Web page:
"Judge a man by his questions rather than his answers" - Voltaire
"There is nothing noble in being superior to your fellow men. True nobility lies in being superior to your former self" -Hemingway
Turns out I was wrong, on this piece (to make myself feel a little better: I am still correct that exempt employees typically have more flexibility from employers)
Based on this website - and these were a lot of the problems I saw with it, so I can't believe employers actually do it... It is just a bomb waiting to happen.
Why I Don’t Like “Non-Exempt Salaried” Arrangements | Payroll Experts
Don’t do it. It’s a trap. No, I’m not saying that your employees are trying to trap you. What I am saying is that sooner or later the nature of non-exempt salaried arrangements often leads employers to inadvertently violate the Fair Labor Standards Act (FLSA).
From my experience, working for various companies, in various fields, as a salaried worker for the last 15 years.
And restaurant management was even worse. 20 minute lunches would be a dream to many managers in food service.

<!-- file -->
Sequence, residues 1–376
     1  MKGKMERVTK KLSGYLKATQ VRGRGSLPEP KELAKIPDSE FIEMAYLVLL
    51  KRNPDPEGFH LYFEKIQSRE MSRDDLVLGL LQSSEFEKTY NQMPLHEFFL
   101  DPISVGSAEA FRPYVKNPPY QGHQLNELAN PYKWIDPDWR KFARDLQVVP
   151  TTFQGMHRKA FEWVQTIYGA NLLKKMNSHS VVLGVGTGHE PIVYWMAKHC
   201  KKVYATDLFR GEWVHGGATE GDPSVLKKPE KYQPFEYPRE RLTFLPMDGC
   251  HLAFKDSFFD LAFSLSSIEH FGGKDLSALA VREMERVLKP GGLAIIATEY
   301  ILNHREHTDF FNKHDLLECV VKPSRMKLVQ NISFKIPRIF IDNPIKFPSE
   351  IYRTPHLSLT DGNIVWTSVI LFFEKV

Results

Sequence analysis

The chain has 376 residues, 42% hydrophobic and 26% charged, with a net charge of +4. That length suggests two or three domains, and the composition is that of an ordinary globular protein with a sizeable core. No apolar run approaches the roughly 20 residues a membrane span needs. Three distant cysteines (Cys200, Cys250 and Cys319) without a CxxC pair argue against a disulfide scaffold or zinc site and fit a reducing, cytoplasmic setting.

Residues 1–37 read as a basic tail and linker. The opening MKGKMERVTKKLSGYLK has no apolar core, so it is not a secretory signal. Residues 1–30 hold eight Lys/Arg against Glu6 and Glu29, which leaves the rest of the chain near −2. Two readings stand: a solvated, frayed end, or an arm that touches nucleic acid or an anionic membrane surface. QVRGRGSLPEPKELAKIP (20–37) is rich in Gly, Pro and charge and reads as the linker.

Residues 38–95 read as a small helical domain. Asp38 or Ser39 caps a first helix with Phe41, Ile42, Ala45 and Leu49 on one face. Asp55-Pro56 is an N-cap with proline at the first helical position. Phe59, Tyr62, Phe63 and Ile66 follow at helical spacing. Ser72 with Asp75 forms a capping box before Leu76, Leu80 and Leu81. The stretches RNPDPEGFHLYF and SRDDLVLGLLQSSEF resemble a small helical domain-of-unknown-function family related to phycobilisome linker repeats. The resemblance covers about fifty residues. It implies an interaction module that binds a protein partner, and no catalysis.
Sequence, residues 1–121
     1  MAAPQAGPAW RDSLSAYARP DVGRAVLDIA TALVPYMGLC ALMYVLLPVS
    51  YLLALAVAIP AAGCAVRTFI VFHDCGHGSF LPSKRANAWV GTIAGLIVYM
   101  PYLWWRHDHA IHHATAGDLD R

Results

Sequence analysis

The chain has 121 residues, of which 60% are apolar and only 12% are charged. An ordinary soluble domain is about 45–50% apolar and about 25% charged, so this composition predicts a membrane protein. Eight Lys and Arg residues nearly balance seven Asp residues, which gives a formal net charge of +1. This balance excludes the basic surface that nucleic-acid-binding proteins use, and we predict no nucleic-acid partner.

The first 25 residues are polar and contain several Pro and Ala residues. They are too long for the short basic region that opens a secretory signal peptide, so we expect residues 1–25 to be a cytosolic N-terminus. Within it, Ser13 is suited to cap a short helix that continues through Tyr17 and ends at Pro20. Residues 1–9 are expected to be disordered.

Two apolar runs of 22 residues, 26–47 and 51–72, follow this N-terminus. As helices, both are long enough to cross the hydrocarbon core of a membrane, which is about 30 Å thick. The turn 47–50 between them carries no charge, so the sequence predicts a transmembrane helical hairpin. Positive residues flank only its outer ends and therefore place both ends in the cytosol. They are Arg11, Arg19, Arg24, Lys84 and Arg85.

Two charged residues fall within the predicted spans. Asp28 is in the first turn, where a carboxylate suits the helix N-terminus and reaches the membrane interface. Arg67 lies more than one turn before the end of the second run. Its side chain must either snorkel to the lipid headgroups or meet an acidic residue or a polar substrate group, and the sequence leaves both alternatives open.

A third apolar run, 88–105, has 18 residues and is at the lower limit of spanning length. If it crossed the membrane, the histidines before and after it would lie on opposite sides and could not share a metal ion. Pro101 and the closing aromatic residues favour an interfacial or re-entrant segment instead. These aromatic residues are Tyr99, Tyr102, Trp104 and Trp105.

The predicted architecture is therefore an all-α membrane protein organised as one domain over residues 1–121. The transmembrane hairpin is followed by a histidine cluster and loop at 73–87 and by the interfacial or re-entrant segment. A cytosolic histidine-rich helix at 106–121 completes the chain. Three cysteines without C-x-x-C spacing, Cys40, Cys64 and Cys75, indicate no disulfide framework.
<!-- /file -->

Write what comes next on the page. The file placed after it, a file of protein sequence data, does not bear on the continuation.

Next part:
This a response to an existing problem.
Employers cut payrolls during the recession. The amount of work that needed to be done was not reduced. It fell to the salaried employees (mostly managers, who, at the time, qualified for executive exemption) to take on that burden. The number of hours they worked increased exponentially. PLUS. They were doing the jobs of their hourlies...more than executive or administrative duties. Meaning, they now were no longer eligible for executive exemption of OT.
At first, no big deal. Everyone did their part to survive. It was understood that this was the needs of the business. But in recent years, as wages remain frozen, mid level bonuses still in hiatus, payrolls still slashed, and mid managers still burning the candle on both ends for their employer...but corporate profits and profit margins soaring, executive bonuses and other compensation setting records...the anger built. Lawsuits were filed. Class actions. All across America, managers are suing for lost OT compensation as a result of no longer being exempt due to not having any staff. My company alone is now facing it's THIRD class action in 5 years from mid managers over this same subject.
Frankly, most of us don't WANT to be made hourly...we just want our staff back. Pay them...or pay us.
This attempt by the current administration seems to be an effort to fix the issue on a broader scale without having to settle suit after suit after suit.
Sadly, it's not addressing the real. Which is, despite record busting profitability, companies are staying the course of slashed payrolls. I have my OPINIONS as to why this is, as I'm sure all of you do as well.